fore encouraged, he will look begignantly
for aid and and comfort from the section
and the interest he has so cruelly persecu
ted. Mark the prediction! James Bu
chanan will make a Union demonstration
(and probably before the meeting of Con-
fress) that will not only put fire-eaters in a
ostiie attitude to him, and save Mr. Lin
coln's administration from all trouble, but
that will be made with the expectation to
deprive the sew President of the credit of
adjusting the difficulty for himself. ' ,
Speculations on Buchanan. Congressional Vote of Ohio--Official.
ficial.
FIRST DISTRICT.
G. H. Pendleton. A. E. Jones. O. M. Spencer
Hamilton..,.. 7,465 3 1,350.: 5.682
SECOND DISTRICT.
Alex. Long. J. S. Harrison. J. A. Gurlev.
Hamilton. ...786 " 1455 . 8.469
THIRD DISTRICT.
CraieWd. Vallandieham. McClarnr.
Butler 2,928 4143 54
Preble ... 2.706 - - -1.784 4
JIongomery.82 .,. . 5425. . 7
10,918 " ' 11,052 65
FOURTH DISTRICT.
' - James H. Halt. WUliatn Allen.
Miami :. 3.445 2584
Darke 3,353 - - 4,562
Shelby 1,641 . , . 1,713
Auglaize 959 '1.855
Mercer 811 - 1550
Allen 1.759 . 1,722
10,968 11.756
FIFTH DISTRICT.
James M. Ashler. J. B. Steedman.
Van Wert 960 968
Paulding 492 " 306
Putnam 948 , 1,414
Defiance 949 1499
Williams 1,518 1500
Fulton 1313 1,025
Lucas 2.681 1,902
Wood... 1,773 1571
Henry 772 1.000
Haucock 2,151 2567
13,756 13,552
SIXTH DISTRICT.
David H. Murphy. C. A. White.
Clermont 2.i)16 3570
Brown 2441 2,613
Highland 2565 2,361
Adams 1,506 1,802
8,828 10,046
SEVENTH DISTRICT.
TUos. Corwin. W. B. Telfair. G. Stokes.
Warren 2.916 1,788
CliHton 2.183
Greene 2559 .... 1,512
Fayette.. ....1,318 180 ....
Madison 1,817 1,114
10,693 3,082 . 1,512
EIGHTH DISTRICT.
S. Shallnbarger. JJ3.Harrisoa. E. P.Tyfle.
Clark 2.681 1.654 ....
Champaign.. 2,054 . 1,760 232
Logan....... 2513 1,552
Union 1531 ' 1404
Delaware ...2,452 1,761
10.931 7,831 292
NINTH DISTRICT.
John Carry. Warren P. Noble.
Hardin 1,434 1507
Marion.... 1,508 - 1,614
Wyandot 1,738 1.461
Crawford 2,057 2,548
Seneca 3.040 3,057
Sandusky..... 1,827 2414
Ottawa...... 492 . 649
12,096 ' ' 12,650
TENTH DISTRICT.
C. A. Trimble. W. A. Hutchison
Scioto 2510 2448
Lawrence ..1,749 1500
Gallia 1,899 1547
Jackson 1547 1561
Pike 991 1.4U3
Ross 3,097 3,166
11593 11,025
ELEVENTH DISTRICT.
V. B. Horton. Chas. D. Martin.
Fairfield 2,191 3,422
Hocking 1.331 1397
Perry 1.65H 1,826
Athens 2560 1,336
Vinton 1573 1560
Meigs 232 1,624
11,965 . . ... 11575
TWELFTH DISTRICT.
S. Galloway. S. S. Cox. T. Sparrow.
Franklin ....4,466 4,727 85
Licking 3,608 3,769 43
Pickaway ...2,057 2518 36
10,131 11,014 164
THIRTEENTH DISTRICT.
John Sherman. Barnabas Bums.
i'l-row 2,186 1346
P.caland 2,938 3,136
Huron 3,772 1306
Erie ......2532 1576
11,428 85G4
FOURTEENTH DISTRICT.
Harrison G. Blake. C. D. Prentiss.
Lorain 3326 1,852
Medina.... 2.890 . 1.708
Wavne 3,142 3309
Ash'land 2.082 2489
12,040 9,058
FIFTEENTH DISTRICT.
Wm. Hclinick R. H. jSueen.
Tuscarawas.... 3,031 3,037
Knox 2,792 2,559
Coshocton 2587. 2,46
Holmes 1329 2500
9,439 10581
SIXTEENTH DISTRICT.
Wm. P. Cutler. H. J. Jewett
Morgan : 2,166 1,647
W'ashington 2,794 2328
Muskingum 3,600 4,022
8560 8,497
SEVENTEENTH DISTRICT.
T. C. Theakcr. J. R. Morris. M. J. W. Glover.
Belmont .... 2,783 . 3,028 669
Guernsey.... 2,460 1340 14
Monroe 1340 3.030 37
Noble 1327 15U 2
8510 9,629 722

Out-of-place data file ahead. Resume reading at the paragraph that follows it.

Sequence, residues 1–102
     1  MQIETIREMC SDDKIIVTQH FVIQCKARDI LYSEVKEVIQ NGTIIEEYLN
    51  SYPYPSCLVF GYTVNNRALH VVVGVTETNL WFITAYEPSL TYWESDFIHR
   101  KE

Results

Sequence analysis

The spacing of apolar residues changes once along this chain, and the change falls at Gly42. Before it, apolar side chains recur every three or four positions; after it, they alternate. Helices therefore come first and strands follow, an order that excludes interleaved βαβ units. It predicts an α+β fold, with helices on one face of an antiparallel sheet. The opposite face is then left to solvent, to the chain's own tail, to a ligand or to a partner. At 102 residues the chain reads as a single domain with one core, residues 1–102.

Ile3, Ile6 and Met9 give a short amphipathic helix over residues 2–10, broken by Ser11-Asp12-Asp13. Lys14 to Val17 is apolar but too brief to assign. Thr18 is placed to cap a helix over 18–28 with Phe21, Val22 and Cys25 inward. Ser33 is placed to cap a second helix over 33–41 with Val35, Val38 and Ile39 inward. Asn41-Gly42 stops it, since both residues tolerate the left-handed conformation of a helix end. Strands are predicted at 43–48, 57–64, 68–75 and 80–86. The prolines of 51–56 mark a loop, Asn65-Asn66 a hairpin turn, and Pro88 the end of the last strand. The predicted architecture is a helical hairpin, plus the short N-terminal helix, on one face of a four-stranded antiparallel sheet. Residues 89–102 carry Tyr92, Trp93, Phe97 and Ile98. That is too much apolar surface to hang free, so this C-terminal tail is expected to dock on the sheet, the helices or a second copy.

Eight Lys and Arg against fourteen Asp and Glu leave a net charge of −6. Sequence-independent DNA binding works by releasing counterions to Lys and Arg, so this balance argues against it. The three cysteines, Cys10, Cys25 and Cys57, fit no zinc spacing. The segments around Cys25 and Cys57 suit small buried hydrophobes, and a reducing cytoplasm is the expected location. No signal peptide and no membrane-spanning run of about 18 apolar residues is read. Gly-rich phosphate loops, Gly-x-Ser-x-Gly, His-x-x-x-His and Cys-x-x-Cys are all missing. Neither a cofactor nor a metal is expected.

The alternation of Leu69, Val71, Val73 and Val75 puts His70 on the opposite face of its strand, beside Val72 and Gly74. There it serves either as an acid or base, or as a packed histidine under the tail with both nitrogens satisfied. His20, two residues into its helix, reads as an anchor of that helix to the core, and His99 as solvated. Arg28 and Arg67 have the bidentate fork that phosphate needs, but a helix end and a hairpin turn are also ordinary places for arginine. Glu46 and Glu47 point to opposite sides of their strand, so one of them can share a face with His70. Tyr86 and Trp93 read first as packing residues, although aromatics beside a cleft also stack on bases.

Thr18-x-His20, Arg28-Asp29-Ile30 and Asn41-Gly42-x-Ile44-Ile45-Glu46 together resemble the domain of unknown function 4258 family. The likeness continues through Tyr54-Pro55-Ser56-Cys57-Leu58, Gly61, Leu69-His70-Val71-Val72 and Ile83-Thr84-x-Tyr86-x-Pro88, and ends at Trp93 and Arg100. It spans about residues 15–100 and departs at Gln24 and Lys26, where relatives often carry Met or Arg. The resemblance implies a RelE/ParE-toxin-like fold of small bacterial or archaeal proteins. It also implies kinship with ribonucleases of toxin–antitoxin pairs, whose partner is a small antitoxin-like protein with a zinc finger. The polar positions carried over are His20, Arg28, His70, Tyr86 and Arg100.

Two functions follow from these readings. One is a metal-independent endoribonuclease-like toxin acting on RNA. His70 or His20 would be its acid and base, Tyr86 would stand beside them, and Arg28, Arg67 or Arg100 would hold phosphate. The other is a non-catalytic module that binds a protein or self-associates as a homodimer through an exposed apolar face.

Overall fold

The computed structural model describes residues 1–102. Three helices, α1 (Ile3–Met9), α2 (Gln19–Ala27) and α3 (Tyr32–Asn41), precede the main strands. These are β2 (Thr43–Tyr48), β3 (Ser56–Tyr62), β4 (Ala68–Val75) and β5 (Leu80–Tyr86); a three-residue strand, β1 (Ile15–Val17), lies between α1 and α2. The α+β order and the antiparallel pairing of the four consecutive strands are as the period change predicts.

EIGHTEENTH DISTRICT.
S. Edgerton. D. A. Starkweather.
Portage 2302 1391
Stark 3621 3,344
Summit 3,197 ' ' 1.721
9.720 6356
NINETEENTH DISTRICT.
A. G. Riddle. A. J. Williams.
Cuyahoga 7591 4.186
Lake 2519 593
Geauga ....2,417 574
11,927 5343
TWENTIETH DISTRICT.
John Hutehins. D. M. Wilson.
Ashtabula 4,628 719
Trumbull 3,670 1547
Mahoniug 2547 1,956
r,- 10340 4522
TWENTY-FIRST DISTRICT.
J. A. Bingham. Geo. Wells. J. S. Blakely.
Columbiana..3532 ,: 2454 r: 37
Jefferson ....2,426 , 746 . . 731
Carroll..., -.1.477 1,124
Harrison..... 2,035 ; ' 1,029 " ....
9470 . ; . . . 5.053 769
SUMMARY.
The aggregate vote amounts to: . '
Republican 218564
Democratic 184,931
Third Parties 6368
Total ..406,763
Republican majority over Democratic 33,633
The following are the majorities of the mem
bers elect: . ,
REPUBLICAN MAJORITIES.
2d Dist. John A. Gurley's majority 883
5th - J. M. Ashley's " . . 1304
7th Thos. Corwln's " 7,611
8th - S.Shellaberger's ....3,100
10th O. A. Trimble's .... 568
11th - V. B. Horton s -. .... 690
13th ' John Sherman's " 2,864
14th H. G, Blake's " ....2384
16th W. P. Cutler's .... 64
18th - S. Edgerton. . " ....3,767
19lh A ft HIHHIn'. - 6584
20th John Hutchin'n " ....6,618
31st " JohnA.Bineham's " ..--4,017
Aggregate Republican majorities .39,054,
DEMOCRATIC MAJORITIES.
1st Dist. G.H. Pendleton's majority 908
3d . - C.L.Vallandigham's " 184
4th' " . Wm. Allen's " 788
6th v C. A. White's - 1318
9th - W. P. Noble's " .... 554
12th " ; S. S. Cox's plurality. 883
15th " R. H. Nugen's majority 642
17th " J. R. Morris' plurality 1,099
; Aggregate Domocratie majorities 6,421
An Ohio Drover Caught.
An Ohio drover named Seaton was clev
erly caught at Suspension Bridge the other
day. He had gone off witb a large sum of
money belonging to parties at Mansfield,
Ohio, which the officers were after. The
Buffalo Commercial says: - . . ,
"They left here on the morning train, at
9 o'clock, and on the arrival of the first
train at the Bridge from Rochester, made
a thorough search, but could not discover
their man. The Ohio officer wished tore
turn. Marvel objected, thinking he might
have waited over one train, and that the
chances were that he would arrive during
the day. And it was lucky he did so.
When the next train arrived, the officer
went through the cars, and coming out, in
formed Marvel that the man was uot-on
board. And he was not. But Marvel bad
kept his eyes open, aud had seen a person
very much resembling the man be "want
ed" jump from the after part of the train,